Baricitinib: A potential treatment for alopecia areata?
Baricitinib, an oral, selective Janus kinase (JAK)1/JAK2 inhibitor, may help improve hair growth in patients with severe alopecia areata, according to results from the phase III BRAVE-AA1 and BRAVE-AA2 trials.
The study population comprised patients aged ≥18 years* who had severe alopecia areata (Severity of Alopecia Tool [SALT] score ≥50) for >6 months to <8 years. A total of 654 and 546 patients in the BRAVE-AA1 and BRAVE-AA2 trials, respectively, were enrolled. They were randomized 3:2:2 to receive once-daily doses of baricitinib at either 2 or 4 mg or placebo. Mean SALT score at baseline was 85.5 and 85.1 in the BRAVE-AA1 and BRAVE-AA2 trials, respectively.
At week 36, achievement of SALT score ≤20 or ≤20 percent scalp hair loss was greater in patients who received baricitinib 4 mg or 2 mg vs placebo in BRAVE-AA1 (35.2 percent and 21.7 percent vs 5.3 percent; p≤0.001 for both vs placebo) and BRAVE-AA2 (32.5 percent and 17.3 percent vs 2.6 percent; p≤0.001 for both vs placebo). [EADV 2021, abstract N°: 605]
At week 36, the proportion of patients achieving Clinician-Reported Outcomes (CROs) for Eyebrow Hair Loss™ score 0 or 1 (full coverage or minimal gaps) with ≥2-point improvement from baseline** was significantly greater with baricitinib 4 and 2 mg vs placebo in BRAVE-AA1 (31.4 percent and 19.1 percent vs 3.2 percent; p≤0.001 for both vs placebo), but only with baricitinib 4 mg in BRAVE-AA2 (34.8 percent vs 4.5 percent; p≤0.001), with 11.5 percent of patients on baricitinib 2 mg achieving this outcome.
A significantly greater proportion of patients on baricitinib 4 mg than placebo achieved CROs for Eyelash Hair Loss™ score of 0 or 1 with ≥2-point improvement from baseline** in both BRAVE-AA1 (33.5 percent vs 3.1 percent; p≤0.001) and BRAVE-AA2 (34.3 percent vs 5.6 percent; p≤0.001). There was no significant difference in this outcome between patients on baricitinib 2 mg and placebo in BRAVE-AA2 (10.1 percent vs 5.6 percent), though the proportion was greater with baricitinib 2 mg vs placebo in BRAVE-AA1 (13.5 percent vs 3.1 percent; p≤0.05).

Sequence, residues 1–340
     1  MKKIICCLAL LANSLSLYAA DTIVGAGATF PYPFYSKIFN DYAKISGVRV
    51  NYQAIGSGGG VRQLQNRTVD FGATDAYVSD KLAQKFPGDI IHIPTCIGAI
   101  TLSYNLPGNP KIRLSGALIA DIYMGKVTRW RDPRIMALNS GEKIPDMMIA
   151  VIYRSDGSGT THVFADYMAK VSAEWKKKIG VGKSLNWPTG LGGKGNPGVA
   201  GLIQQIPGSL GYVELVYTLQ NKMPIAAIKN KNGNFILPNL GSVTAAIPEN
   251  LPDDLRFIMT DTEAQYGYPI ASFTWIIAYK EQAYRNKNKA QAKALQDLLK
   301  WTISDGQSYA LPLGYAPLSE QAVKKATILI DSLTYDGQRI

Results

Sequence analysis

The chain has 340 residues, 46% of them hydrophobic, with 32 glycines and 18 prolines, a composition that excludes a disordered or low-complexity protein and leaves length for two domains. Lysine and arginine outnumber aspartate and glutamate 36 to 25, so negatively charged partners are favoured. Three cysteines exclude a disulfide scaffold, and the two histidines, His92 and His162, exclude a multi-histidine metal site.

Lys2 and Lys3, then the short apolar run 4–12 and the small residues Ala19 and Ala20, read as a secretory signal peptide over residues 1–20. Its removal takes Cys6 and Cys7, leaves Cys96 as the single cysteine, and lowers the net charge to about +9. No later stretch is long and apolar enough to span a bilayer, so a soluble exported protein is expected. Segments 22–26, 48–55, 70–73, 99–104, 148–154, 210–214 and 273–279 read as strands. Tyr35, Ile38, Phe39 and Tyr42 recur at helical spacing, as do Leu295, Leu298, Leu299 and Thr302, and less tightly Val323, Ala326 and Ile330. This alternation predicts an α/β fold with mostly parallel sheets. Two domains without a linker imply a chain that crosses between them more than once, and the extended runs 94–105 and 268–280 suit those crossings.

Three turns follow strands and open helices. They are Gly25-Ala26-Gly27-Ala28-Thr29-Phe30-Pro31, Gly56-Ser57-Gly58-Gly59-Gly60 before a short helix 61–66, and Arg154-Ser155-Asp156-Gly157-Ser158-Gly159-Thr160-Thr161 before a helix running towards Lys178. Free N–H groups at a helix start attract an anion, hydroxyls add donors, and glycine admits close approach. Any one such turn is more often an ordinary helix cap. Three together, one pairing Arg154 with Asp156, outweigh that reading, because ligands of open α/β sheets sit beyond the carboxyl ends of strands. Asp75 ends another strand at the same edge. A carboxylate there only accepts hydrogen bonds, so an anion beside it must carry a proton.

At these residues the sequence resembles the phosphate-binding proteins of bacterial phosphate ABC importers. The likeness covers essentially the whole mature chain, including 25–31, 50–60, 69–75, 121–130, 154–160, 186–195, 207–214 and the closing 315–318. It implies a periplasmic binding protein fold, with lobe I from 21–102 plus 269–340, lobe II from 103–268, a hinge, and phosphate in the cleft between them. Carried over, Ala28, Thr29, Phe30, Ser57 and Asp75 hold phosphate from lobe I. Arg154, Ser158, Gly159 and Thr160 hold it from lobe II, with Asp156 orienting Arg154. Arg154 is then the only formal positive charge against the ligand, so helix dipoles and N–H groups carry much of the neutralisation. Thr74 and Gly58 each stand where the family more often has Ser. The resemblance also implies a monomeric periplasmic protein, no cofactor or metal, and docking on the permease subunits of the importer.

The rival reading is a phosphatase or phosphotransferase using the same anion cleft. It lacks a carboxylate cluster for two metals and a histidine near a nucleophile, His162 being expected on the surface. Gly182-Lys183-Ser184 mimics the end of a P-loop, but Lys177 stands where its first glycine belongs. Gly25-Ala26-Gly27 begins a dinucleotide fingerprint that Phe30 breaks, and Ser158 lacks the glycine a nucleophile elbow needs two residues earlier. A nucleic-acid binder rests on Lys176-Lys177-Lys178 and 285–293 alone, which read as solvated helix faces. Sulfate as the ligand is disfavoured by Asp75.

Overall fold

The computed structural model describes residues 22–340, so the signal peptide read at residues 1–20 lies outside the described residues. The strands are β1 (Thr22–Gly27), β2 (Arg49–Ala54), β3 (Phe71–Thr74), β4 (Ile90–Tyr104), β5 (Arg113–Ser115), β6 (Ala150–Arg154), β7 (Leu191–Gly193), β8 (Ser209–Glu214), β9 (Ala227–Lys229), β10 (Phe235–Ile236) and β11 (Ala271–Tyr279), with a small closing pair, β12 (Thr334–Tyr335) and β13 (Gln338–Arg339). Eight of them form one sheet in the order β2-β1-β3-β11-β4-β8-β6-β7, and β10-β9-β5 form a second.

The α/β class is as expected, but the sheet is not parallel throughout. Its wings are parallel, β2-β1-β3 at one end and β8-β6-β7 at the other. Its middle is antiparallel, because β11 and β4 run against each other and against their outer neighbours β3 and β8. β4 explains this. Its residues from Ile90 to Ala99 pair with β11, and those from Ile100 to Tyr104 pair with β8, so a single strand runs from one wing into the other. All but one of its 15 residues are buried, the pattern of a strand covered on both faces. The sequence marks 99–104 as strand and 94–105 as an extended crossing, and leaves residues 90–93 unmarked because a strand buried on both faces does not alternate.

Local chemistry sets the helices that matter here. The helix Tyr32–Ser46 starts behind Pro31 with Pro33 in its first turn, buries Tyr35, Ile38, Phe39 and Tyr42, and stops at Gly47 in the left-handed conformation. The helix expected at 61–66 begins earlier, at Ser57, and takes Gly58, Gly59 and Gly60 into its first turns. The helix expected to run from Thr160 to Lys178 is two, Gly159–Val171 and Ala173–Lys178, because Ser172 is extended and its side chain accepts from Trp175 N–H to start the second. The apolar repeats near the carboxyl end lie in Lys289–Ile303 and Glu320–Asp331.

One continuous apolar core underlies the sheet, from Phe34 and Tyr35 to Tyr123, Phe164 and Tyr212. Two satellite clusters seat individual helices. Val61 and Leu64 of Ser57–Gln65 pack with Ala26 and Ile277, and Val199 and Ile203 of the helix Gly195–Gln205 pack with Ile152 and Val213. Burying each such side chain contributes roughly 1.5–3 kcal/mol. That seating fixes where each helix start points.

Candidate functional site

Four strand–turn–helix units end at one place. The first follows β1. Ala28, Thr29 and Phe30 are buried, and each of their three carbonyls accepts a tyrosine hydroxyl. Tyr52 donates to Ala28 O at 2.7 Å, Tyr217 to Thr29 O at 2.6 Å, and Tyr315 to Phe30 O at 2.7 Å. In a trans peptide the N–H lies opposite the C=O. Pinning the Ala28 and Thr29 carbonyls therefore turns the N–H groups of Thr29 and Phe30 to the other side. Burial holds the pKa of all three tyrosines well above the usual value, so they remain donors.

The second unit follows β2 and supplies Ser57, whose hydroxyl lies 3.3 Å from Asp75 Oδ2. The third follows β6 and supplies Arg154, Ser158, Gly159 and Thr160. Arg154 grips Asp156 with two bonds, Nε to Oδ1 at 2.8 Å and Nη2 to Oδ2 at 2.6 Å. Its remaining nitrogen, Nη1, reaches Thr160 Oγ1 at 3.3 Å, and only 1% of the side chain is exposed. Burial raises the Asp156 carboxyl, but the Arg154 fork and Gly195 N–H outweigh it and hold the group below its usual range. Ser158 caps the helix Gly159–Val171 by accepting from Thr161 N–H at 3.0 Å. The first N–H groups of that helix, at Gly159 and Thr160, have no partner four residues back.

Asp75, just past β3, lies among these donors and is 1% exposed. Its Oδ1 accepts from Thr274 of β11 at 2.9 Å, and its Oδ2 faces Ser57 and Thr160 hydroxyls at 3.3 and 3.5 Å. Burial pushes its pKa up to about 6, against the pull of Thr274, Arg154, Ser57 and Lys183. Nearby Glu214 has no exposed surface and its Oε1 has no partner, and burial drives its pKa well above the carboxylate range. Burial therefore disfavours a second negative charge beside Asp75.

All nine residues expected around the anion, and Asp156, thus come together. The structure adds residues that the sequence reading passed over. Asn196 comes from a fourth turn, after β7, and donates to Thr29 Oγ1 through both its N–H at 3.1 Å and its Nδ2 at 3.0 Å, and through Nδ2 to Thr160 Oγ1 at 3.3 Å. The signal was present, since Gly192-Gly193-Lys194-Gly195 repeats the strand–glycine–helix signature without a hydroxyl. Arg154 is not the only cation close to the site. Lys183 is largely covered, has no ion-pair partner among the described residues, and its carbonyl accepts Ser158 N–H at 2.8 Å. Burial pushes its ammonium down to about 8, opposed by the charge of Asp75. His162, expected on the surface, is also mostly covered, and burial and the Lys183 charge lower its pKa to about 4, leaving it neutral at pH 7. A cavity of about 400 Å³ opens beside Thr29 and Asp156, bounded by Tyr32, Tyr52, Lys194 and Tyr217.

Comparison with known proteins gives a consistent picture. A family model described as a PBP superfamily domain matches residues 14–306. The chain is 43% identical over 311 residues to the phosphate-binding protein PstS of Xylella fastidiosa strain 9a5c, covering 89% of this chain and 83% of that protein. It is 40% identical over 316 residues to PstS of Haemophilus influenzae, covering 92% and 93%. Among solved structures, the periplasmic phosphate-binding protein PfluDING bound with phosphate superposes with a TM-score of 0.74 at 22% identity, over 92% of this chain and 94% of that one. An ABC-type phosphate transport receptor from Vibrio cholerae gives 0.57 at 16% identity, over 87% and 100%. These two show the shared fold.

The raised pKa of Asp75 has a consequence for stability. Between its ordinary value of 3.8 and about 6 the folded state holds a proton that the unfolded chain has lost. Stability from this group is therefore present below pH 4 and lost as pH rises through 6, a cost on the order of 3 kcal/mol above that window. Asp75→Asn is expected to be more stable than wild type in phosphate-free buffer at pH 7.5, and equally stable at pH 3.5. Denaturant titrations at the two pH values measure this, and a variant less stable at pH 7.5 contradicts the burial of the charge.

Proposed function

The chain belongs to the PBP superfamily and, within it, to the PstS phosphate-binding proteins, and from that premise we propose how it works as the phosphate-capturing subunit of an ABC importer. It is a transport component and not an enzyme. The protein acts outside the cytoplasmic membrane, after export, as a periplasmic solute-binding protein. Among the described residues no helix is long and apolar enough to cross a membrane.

Treatment-emergent adverse events (TEAEs) occurred in 59.6, 50.8, and 51.3 percent of baricitinib 4 mg, 2 mg, and placebo recipients, respectively, in BRAVE-AA1, and 66.1, 68.4, and 63.0 percent, respectively, in BRAVE-AA2. Most of the TEAEs were mild or moderate in severity. Serious AEs occurred at a comparable rate between groups (2.1, 2.2, and 1.6 percent, respectively, in BRAVE-AA1, and 3.4, 2.6, and 1.9 percent, respectively, in BRAVE-AA2).
The most common AEs in baricitinib recipients were upper respiratory tract infection, nasopharyngitis, headache, urinary tract infection, acne, and elevated creatine phosphokinase levels. Herpes zoster and herpes simplex occurred at a comparable frequency across treatment groups. Three serious infections occurred in baricitinib-treated patients in BRAVE-AA2.
No deaths, venous thromboembolic events, opportunistic infections, or gastrointestinal perforations occurred in either trial. One baricitinib 2 mg recipient with multiple risk factors in BRAVE-AA1 experienced a major adverse cardiovascular event, while in BRAVE-AA2, one baricitinib 4 mg recipient was diagnosed with B-cell lymphoma and one placebo recipient was diagnosed with prostate cancer.
“No new safety findings were identified compared with the known safety profile of baricitinib established in other indications,” pointed out study author Associate Professor Brett King from the Yale School of Medicine, New Haven, Connecticut, US.
According to King, there are currently no FDA-approved treatments for alopecia areata. “[These] two phase III clinical trials [showed that] … baricitinib 4 mg and 2 mg were superior to placebo in achieving scalp hair regrowth after 36 weeks of treatment [in patients with severe alopecia areata].”
He highlighted that trials are ongoing and longer observation periods will demonstrate the durability of the outcomes, as well as long-term safety of the drug and potential delayed responses.